Starring: James Aubrey, Tom Chapin and Hugh Edwards
Director: Peter Brook
Rating: Nine of Ten Stars
A group of schoolboys are stranded on a deserted island and must fend for themselves. Despite their initial best efforts, they soon descend into murderous savagery.
"Lord of the Flies" is perhaps one the very most effective movie adaptations of a novel I've ever seen. I read the book, and I found it to be a gripping, chilling read... and the movie captured the book exactly!
Not only do all the child actors give great performances, but even the filming style and subtle changes in the way the island appears as the boys drift further and further from the civilized behavior they all know is proper and toward the murderous, pagan savagery that most of them have grown devoted to by the films end serves to drive home the developments in the film. On both a concious and subconcious level, the viewer is drawn into the increasingly brutal and horrifying world of the desert island.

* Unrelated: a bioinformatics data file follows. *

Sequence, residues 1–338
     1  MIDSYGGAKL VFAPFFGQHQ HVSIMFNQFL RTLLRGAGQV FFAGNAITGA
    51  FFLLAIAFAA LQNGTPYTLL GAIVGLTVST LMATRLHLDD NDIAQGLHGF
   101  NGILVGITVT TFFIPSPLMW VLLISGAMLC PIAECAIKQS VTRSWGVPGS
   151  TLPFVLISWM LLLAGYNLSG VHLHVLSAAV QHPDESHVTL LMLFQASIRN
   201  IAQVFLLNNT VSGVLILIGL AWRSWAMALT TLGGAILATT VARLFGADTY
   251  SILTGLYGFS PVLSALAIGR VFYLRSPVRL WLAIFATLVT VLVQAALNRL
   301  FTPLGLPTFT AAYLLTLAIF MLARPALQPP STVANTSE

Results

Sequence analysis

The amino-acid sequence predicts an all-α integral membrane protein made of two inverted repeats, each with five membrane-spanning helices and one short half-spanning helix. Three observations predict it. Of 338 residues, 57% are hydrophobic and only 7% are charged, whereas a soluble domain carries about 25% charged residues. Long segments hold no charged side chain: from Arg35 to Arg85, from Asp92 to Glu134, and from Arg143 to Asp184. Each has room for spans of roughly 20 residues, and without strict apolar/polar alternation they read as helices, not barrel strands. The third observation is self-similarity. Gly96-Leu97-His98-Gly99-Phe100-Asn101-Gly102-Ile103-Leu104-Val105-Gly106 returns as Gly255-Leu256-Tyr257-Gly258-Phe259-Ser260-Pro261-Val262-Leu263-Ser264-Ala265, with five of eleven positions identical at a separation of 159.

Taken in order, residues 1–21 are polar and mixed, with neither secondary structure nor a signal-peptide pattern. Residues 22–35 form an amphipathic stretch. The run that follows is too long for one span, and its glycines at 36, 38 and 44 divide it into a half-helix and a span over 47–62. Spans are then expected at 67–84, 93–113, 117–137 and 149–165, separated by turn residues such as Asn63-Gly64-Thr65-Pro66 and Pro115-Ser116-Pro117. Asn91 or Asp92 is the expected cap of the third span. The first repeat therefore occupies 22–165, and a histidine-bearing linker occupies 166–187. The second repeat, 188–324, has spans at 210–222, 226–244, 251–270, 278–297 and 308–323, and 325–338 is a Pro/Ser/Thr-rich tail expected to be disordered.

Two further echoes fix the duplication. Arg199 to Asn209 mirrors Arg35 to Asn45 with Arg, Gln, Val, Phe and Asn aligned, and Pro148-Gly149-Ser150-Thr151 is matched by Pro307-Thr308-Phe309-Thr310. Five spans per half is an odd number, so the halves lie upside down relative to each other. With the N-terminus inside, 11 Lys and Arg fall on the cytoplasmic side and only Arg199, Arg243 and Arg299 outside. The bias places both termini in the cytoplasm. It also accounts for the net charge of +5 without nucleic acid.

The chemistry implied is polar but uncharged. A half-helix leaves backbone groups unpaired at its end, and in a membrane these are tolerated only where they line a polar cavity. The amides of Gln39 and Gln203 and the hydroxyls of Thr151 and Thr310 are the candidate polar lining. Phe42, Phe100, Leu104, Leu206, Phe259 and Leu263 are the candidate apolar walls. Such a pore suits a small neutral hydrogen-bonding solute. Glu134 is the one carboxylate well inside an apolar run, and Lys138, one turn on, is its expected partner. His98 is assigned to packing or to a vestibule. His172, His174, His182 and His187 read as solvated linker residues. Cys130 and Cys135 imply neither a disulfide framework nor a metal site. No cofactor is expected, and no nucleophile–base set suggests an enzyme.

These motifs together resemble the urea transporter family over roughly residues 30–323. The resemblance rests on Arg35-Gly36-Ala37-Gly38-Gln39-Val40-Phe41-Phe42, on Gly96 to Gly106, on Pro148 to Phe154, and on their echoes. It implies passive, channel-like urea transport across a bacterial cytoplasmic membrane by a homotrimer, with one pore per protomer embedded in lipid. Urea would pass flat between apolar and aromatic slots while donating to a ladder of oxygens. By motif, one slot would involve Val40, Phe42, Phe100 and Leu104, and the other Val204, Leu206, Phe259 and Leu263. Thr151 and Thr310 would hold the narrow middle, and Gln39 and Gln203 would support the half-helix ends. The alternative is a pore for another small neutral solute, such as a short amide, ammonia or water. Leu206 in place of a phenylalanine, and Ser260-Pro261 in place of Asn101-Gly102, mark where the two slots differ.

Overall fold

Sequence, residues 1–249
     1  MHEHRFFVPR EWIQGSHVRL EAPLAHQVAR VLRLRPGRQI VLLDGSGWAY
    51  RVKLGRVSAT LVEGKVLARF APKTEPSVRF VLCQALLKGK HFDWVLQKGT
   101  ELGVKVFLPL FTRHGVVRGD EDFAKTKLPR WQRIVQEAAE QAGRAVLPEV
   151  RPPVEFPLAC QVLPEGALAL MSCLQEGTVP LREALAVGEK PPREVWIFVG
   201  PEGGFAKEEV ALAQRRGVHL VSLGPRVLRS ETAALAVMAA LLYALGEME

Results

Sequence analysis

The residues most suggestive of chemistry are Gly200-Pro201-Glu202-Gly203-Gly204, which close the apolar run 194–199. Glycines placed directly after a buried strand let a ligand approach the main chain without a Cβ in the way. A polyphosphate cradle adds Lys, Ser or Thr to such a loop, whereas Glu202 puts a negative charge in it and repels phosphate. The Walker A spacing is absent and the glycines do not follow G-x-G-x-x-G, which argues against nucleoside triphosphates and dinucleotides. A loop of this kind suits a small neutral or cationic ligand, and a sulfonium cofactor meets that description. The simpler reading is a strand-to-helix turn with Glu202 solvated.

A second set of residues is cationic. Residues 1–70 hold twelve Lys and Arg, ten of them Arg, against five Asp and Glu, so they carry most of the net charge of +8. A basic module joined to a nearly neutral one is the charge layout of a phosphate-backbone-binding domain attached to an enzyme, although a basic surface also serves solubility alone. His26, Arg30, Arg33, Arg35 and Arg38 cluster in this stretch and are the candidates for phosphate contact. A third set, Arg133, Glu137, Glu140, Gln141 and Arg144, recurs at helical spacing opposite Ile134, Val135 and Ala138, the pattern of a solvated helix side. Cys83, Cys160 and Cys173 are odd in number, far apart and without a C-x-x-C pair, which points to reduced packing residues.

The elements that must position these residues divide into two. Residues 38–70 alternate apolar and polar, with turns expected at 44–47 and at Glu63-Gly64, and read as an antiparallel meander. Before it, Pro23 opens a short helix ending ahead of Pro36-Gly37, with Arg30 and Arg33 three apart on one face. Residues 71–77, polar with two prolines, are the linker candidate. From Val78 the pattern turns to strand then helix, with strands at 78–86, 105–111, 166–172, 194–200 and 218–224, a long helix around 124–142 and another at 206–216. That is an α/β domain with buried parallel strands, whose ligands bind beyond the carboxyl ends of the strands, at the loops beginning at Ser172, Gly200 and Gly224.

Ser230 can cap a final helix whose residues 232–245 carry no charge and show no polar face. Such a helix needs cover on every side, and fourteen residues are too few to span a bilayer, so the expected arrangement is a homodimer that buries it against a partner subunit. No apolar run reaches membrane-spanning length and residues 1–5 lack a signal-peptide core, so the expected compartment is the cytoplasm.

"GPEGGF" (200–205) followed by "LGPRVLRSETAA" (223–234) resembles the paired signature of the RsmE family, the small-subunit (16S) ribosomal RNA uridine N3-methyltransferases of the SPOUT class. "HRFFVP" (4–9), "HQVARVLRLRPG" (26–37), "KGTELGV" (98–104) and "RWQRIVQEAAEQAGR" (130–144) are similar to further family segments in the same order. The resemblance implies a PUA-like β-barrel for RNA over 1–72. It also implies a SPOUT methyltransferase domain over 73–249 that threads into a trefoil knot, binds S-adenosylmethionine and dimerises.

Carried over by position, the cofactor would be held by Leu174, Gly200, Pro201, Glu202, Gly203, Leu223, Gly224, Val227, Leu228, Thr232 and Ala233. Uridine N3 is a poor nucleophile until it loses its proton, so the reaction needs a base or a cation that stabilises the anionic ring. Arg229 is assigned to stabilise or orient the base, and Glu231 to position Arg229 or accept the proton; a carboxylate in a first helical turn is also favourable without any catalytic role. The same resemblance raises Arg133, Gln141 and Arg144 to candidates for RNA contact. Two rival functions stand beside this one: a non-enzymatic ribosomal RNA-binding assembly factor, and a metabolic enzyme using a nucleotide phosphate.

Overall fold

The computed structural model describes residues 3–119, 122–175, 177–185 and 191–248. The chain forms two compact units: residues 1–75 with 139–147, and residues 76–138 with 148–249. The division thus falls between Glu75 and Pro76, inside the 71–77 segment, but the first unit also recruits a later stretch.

With as many interperations and subtleties of message as William Golding's book--even if the overall thrust is a downer for those who believe in the inate goodness of humanity--"Lord of the Flies" is a true classics that's every bit as engrossing for intelligent viewers as it was when it was first released nearly 50 years ago. It's a true classic that doesn't get nearly enough recognition.